An innovative system to utilise return effluent from the Cape Recife Waste Water Treatment Works (WWTW), is set to reduce demand on Port Elizabeth’s fresh water supply.

The system, designed by local firm Africoast Consulting Engineers, will significantly increase the water available for industrial and irrigation use.

Through the system return effluent is treated, purified sewage water that, instead of being released back into nature or the ocean, is returned for industrial utilisation, irrigation and other uses. The water quality conforms to standards set by the Department of Water Affairs.

AfriCoast Consulting Engineers project manager Gerrie van de Merwe said the firm’s professional responsibilities, aside from construction monitoring and project management, include “the physical designs of the pump station, rising main, balancing reservoir, gravity irrigation feeder pipeline, irrigation reticulation systems and measurement of usage.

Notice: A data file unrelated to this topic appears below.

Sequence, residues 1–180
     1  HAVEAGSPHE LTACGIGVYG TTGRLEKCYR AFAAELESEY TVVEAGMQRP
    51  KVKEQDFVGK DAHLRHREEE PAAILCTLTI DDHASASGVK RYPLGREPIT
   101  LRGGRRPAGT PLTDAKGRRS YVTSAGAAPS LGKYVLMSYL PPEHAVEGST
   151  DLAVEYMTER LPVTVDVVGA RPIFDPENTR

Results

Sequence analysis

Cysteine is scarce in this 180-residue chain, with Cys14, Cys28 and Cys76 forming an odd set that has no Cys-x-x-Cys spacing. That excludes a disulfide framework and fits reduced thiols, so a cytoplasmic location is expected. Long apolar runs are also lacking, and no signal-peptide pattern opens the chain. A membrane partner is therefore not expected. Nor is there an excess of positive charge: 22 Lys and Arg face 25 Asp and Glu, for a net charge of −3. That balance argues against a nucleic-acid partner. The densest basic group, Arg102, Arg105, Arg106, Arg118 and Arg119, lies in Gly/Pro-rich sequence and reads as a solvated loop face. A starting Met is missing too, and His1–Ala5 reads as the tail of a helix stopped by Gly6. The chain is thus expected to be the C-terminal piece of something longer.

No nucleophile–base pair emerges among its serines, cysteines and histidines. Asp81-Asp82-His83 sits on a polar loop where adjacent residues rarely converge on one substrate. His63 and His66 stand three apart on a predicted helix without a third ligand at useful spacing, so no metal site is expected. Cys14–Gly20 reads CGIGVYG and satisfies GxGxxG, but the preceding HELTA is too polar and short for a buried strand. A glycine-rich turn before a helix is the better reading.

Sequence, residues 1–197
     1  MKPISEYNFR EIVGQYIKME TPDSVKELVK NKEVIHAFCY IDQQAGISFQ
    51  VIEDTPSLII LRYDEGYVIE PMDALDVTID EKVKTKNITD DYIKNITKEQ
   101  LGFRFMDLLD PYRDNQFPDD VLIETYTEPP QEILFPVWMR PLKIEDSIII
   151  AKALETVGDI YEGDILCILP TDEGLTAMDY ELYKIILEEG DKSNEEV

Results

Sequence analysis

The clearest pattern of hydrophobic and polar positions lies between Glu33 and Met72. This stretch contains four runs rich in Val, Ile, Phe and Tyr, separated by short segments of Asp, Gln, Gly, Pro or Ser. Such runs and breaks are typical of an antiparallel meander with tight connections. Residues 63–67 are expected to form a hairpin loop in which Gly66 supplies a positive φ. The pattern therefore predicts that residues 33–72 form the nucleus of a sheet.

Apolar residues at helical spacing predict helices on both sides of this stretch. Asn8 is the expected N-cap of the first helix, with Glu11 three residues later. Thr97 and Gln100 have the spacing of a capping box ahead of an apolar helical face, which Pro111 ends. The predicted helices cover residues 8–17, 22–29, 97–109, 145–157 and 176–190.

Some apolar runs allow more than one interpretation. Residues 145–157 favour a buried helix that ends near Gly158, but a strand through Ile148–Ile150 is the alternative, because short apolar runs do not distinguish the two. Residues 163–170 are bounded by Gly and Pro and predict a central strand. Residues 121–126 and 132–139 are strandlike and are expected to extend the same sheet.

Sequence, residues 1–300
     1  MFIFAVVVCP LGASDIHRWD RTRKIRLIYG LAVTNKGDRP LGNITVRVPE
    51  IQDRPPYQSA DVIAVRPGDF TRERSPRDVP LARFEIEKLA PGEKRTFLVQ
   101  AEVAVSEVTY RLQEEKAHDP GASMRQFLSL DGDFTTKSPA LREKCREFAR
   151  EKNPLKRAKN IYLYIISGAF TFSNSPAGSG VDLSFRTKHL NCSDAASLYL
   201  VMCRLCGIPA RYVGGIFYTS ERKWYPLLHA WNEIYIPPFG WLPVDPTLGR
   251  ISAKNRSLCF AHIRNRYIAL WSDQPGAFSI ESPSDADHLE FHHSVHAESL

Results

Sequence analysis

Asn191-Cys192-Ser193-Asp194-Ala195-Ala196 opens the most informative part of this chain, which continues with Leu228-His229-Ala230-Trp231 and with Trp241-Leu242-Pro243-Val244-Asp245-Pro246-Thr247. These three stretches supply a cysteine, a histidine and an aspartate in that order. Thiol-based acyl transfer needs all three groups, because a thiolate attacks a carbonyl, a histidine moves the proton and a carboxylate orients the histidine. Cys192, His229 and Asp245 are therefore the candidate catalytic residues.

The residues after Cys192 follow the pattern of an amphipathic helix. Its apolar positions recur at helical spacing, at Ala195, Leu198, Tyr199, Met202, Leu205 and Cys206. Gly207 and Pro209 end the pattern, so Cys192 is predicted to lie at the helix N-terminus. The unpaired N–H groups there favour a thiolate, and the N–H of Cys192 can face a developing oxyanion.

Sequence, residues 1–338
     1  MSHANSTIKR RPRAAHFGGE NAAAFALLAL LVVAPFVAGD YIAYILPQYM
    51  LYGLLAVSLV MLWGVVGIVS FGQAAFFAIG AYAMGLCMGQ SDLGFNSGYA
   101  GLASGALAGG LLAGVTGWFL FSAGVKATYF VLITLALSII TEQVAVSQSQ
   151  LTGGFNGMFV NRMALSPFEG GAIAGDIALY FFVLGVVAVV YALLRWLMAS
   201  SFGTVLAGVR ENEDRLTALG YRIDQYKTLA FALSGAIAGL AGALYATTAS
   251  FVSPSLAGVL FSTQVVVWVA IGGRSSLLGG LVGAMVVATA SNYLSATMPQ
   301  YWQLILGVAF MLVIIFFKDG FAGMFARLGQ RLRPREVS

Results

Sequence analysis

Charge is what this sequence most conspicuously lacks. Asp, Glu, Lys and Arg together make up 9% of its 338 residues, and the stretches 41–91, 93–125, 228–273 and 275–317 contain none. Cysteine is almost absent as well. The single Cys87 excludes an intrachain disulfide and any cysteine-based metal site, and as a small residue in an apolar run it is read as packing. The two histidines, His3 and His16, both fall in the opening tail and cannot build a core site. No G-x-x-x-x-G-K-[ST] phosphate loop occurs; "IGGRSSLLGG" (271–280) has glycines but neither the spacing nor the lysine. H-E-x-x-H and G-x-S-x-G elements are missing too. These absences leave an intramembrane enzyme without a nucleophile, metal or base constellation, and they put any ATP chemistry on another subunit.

Cape Recife WWTW’s upgrade

“Cape Recife WWTW’s upgrade is currently under design. Once completed, the capacity of the treatment works will increase from a current maximum daily production of treated effluent of around 9 megalitres to a daily average of 18 megalitres, effectively meeting the demand for reclaimed irrigation water,” he said.

“Currently, gardens and sports fields across the city are being irrigated with expensive, potable (drinking) water – an invaluable resource in the water-scarce Nelson Mandela Bay Metropolitan area. Borehole water is used to augment the supply of irrigation water, but that has negative environmental outcomes, including lowering the water table.

“Yet in the meantime, thousands of litres of useable, treated effluent are being discharged every day through a wetland system and into the ocean, in the vicinity of the Noordhoek Lighthouse.”

The Cape Recife Return Effluent Scheme aims to utilise this currently wasted return effluent in lieu of the potable and borehole water used to irrigate the beachfront gardens and sports fields within economically viable reach.

The concept was initiated with the NMBM Parks Department and Beach Managers. The beachfront, Port Elizabeth’s primary tourist attraction, currently uses potable water in flower beds but the grassed areas are not irrigated, leaving them less appealing than they could be.